Opinion

Voting rule debates are not the business of business

Airlines and banks joined the opposition to new voting rules; have you tried flying or banking lately without an ID?

Corporations and their leaders have spoken out on the voting law changes in Georgia and other states. From a corporate governance standpoint, is that a good idea or not?

Before we address that question, let’s stipulate that prior to the Voting Rights Act passed over 50 years ago, many states and localities discriminated against Black voters in several ways. Let us further stipulate that discrimination continues in some places and that some lawmakers, if allowed to do so, would make changes to make voting more difficult, not just more secure.

Recently 72 Black executives were joined by dozens of corporations and hundreds of individuals declaring “We stand for democracy” and decrying in particular the passage of Georgia’s Senate Bill 202, the 95-page Election Integrity Act of 2021. Very few of us would argue that Georgia’s election system couldn’t use revision. And, unlike many if not most of the signers, I’ve read the entire bill. That’s why I’m concerned.

In the original memo signed by the 72 executives, it misrepresents (perhaps unintentionally) two major changes having to do with voter ID and providing food and water to those standing in line. What if, instead of reading the bill, the other hundreds of signers just relied on the words of the memo, or worse, the news media’s reporting? I also researched what experts said about the bill, eliminating both Democrats and Republicans and the media outlets that parrot them. Instead, the BBC fact-checked the bill and that confirmed what I read.

I’m not questioning the intent of the signers. Most everyone wants easy, secure access to the vote; but if what appears to some as either errors or virtue signaling, then surely more analysis is needed. Can we all agree that a voter should be qualified and adequately identified? Airlines and banks signed the memo; have you tried flying or banking lately without an ID? And isn’t voting as important as flying or banking?

Over 90% of the Georgia law had nothing to do with access or ID; instead, it was procedures and processes. Don’t Georgia voters want good written procedures to be followed? And for anyone in Texas who doesn’t think voter fraud is an issue, check out the voter fraud that handed the 1948 Senate race to Lyndon Johnson.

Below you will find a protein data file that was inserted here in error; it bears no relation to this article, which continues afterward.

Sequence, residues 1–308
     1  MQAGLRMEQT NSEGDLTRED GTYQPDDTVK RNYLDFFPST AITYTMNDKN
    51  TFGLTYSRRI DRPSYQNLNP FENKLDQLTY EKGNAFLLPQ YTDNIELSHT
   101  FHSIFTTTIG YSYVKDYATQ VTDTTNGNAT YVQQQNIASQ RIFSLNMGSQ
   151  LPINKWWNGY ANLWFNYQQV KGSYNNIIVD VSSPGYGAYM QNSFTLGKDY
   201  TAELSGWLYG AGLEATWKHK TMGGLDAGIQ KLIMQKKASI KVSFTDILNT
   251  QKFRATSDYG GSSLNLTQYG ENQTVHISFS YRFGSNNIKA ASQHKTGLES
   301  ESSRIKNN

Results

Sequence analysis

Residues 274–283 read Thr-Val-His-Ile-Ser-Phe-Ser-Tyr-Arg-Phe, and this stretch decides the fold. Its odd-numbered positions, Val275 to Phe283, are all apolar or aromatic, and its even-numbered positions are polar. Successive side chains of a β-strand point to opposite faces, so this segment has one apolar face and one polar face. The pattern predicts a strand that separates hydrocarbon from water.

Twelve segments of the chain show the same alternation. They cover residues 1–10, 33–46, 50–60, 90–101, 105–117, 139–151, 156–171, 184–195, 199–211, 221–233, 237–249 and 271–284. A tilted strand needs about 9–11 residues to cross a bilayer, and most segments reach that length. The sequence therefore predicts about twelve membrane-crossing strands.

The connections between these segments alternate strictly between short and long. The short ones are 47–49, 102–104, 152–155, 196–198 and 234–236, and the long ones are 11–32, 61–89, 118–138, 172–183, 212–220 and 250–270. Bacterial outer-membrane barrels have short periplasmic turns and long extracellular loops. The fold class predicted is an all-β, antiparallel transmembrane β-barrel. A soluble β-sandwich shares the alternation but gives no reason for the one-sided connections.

It is also a bit odd that most of the legislation that this group opposes seems to be sponsored by Republicans, whereas there is no mention of the congressional House Bill 1 passed this year with no Republicans voting in support. HB 1 is known as the For the People Act. Wonder if any of the group has read that bill, which could essentially federalize the voting process. And if these business executives are now so politically savvy, why haven’t they taken a position on the bill introduced by progressive House Democrats to increase the Supreme Court by four more justices?

Now to the corporate governance question: Should corporations get involved in this type of political activity? A former American Express chief executive was an originator of the memo. Another former American Express chief executive wrote a Wall Street Journal op-ed saying no. One would hope that the corporations that signed at least got board approval.

Do you think board members all read the 95 pages? And even if they did, do today’s business leaders have the gravitas to command respect for their opinions? Consider this: a Gallup poll from December 2020 on the most respected professions showed three bottom feeders: journalists, business executives, and, you guessed it, politicians.

And take just two of the corporations that signed: Merck and Wells Fargo. Merck has paid fines of $5 billion in the last 20 years. Wells Fargo has paid $4 billion in the last five years. Perhaps cleaning up one’s own shop might be more important, an example of good corporate governance.

Several years ago, I wrote a white paper titled, “Paying our Debt to Posterity.” It was about the increasing federal government debt. I said that corporate executives could solve this problem, but that they probably would not. Unfortunately, I was right.

If these executives really wanted to assure America’s future, then why not focus on the debt. Forty years ago, it was less than $1 trillion, 20 years ago less than $5 trillion, 10 years ago it was $14 trillion and now it is $28 trillion. And this does not include unfunded liabilities. Both political parties, and the voters who elected them, are guilty.

Making voting easier or harder and less or more secure won’t solve the $28 trillion gorilla in the room; moreover, business executives who at least understand its causes have not even tried to solve it.

In 1928 Louis Brandeis, as an associate justice of the Supreme Court and a leading progressive, wrote: “The greatest dangers to liberty lurk in insidious encroachment by men of zeal, well meaning but without understanding.” I could not have said it better myself.

Dennis McCuistion is co-host of the ‘McCuistion’ television program on KERA and a former corporate board member and retired educator on corporate governance.

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Dennis McCuistion

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